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Tokenism won’t help in the pursuit of gender parity

By John Obiero
Thursday, October 29th, 2020
National Speaker Justin Muturi. Photo/PD/SAMUEL KARIUKI
In summary

Activists and women’s rights advocates have trolled Speaker Justin Muturi for saying “You cannot compel citizens to elect either men or the other gender” at a parliamentary retreat.

Muturi, the Chief Justice and the President have each found themselves in the unenviable situation of having to pronounce themselves on implementation of the two-thirds gender rule on elective office. 

After a period of push and pull, the CJ was compelled to advise the President to dissolve Parliament for failing to enact the requisite law underpinning inclusive legislative leadership.

Article 81(b) of the Constitution states that not more than two-thirds of the members of elective public bodies shall be of the same gender. 

But why hasn’t this rather straight forward law been passed? Why are MPs stubborn? And why is the President reluctant to dissolve the Parliament?

Global facts and figures on leadership and political participation of women paint a grim picture.

Except in Denmark, Norway, Sweden, Finland, Iceland and Greenland where women in Parliament account for 42.5 per cent, the average percentage of women parliamentarians was as low as 30.6 per cent in the Americas, 27.2 per cent in Europe, 23.9 per cent in sub-Saharan Africa, 19.8 per cent in Asia, 19 per cent in the Arab states and 16.3 per cent in the Pacific region.

This means all the regions of the world have failed to implement the 33 per cent threshold envisioned at the women’s conference in Beijing in 1995.

In East Africa, Rwanda tops the region with more than 60 per cent representation for women while Kenya emerges last!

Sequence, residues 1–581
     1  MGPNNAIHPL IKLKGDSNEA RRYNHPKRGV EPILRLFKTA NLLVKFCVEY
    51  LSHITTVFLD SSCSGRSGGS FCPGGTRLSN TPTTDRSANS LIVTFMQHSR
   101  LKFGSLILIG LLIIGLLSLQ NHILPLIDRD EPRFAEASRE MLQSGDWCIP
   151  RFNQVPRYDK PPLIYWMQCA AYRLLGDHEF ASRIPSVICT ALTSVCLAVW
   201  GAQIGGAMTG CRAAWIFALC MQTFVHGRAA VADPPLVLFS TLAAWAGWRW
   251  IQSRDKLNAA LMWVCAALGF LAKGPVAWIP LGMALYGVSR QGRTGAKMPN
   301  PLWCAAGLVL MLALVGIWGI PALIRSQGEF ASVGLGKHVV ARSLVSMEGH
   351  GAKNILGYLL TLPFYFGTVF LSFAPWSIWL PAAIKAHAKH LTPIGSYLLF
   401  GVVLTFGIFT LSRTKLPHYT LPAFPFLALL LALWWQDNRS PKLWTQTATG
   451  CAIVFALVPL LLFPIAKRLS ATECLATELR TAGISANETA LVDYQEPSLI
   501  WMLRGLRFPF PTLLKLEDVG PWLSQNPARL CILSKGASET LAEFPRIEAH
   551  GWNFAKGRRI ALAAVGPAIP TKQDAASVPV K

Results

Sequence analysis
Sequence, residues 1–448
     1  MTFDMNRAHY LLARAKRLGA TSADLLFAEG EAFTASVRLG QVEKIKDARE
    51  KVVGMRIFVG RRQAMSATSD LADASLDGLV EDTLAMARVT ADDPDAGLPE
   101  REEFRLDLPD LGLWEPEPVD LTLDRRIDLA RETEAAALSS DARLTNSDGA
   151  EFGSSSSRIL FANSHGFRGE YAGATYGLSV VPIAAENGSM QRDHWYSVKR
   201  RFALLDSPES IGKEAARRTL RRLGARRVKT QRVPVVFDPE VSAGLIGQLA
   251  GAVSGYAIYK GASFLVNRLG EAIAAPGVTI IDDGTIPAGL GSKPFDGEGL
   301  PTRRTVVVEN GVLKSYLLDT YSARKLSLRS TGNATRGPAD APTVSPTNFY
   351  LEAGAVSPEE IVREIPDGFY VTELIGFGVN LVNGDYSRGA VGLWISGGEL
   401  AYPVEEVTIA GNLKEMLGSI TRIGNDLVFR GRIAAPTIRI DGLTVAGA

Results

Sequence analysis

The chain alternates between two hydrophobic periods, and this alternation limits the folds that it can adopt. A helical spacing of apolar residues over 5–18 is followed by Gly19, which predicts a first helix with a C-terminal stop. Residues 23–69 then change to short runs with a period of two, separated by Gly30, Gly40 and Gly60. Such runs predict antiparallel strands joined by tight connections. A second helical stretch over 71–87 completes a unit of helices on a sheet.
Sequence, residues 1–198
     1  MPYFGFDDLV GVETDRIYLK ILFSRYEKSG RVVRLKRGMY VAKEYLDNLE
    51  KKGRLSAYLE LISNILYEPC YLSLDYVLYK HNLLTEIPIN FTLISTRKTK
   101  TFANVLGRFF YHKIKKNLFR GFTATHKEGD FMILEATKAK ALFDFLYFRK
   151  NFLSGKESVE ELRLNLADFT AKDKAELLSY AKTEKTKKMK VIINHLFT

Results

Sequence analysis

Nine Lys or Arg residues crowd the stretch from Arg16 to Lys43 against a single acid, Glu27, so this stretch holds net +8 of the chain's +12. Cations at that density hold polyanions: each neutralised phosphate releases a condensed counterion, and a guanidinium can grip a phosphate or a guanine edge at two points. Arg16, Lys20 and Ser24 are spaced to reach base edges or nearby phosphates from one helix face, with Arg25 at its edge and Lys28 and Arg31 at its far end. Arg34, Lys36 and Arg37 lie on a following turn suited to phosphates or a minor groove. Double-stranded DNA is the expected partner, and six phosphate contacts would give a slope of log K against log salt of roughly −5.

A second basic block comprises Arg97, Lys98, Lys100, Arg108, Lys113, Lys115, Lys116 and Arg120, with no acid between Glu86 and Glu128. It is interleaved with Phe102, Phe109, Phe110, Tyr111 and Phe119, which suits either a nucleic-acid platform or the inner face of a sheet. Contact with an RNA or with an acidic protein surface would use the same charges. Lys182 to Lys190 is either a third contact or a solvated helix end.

Regardless, Kenya has made giant steps towards gender parity in many spheres.

An increasing number of girls and women are actually in school, have joined training programmes, are in employment and participate in enterprise thanks to progressive policies, administrative provisions and legislative frameworks.

The elephant in the room is how to break the jinx of ensuring gender equity in the elective system. 

Persuaded that women in politics face more hurdles than their male counterparts when competing for elective seat, Kenya opted for top-up or reserved seats for women.

By this token, Kenya hopes to raise the threshold numbers to meet the two-thirds constitutional threshold. 

Fair enough, but the reality tells another story. After 2017 elections, and in addition to the 47 reserved seats for women and party seats for nominated women, there are still only 76 (22 per cent) women in the National Assembly.

At Senate, 21 (31 per cent) out of 68 representatives are women; however, 18 of the 21 are top-up seats allocated to women – 16 being party nominees while one seat is set aside for a youth and another for a woman living with disability. 

The BBI brigade doesn’t change this narrative because it sticks to the top-up idea by creating reserve positions for women in Senate and alternate positions for women at the county government levels.

I am opposed to the idea of additional seats because the national wage bill blew the limits years ago! 

No doubt, Kenyans are over-represented and over-governed already?

But as much as we need to implement the two-thirds gender rule, there are reservations.

Though women participate in development, shoulder greater workloads, are likely to be poorer than men and still experience hurdles in accessing education and healthcare, reserving seats for them is a clumsy attempt at achieving gender equity.

We cannot minimise barriers to opportunity by making “equal opportunity” available to one segment of the society and not the other.

We must adhere to the “equal opportunity” principle for all Kenyans, no matter their gender. 

And, like Muturi has argued, the clamour to pass legislation to ensure the gender principle potentially violates the sovereign will of the electorate.

Without clear guidelines and rules on gender representation, we are headed nowhere with the gender inclusivity.

There must be other proven means of balancing representation than the sense of tokenism provided for in the Constitution.

Is it even possible for a free and fair elective system to yield proportional results?

Reserving elective seats for women in pursuit of gender parity comes with the backlash of excluding women from fair competition, thereby diminishing the value of the special seats.

Let’s emphasise women’s true empowerment and capacity building through education, training and access to resources. 

— The writer is a senior lecturer, department of Linguistics and Literature, JOOUST

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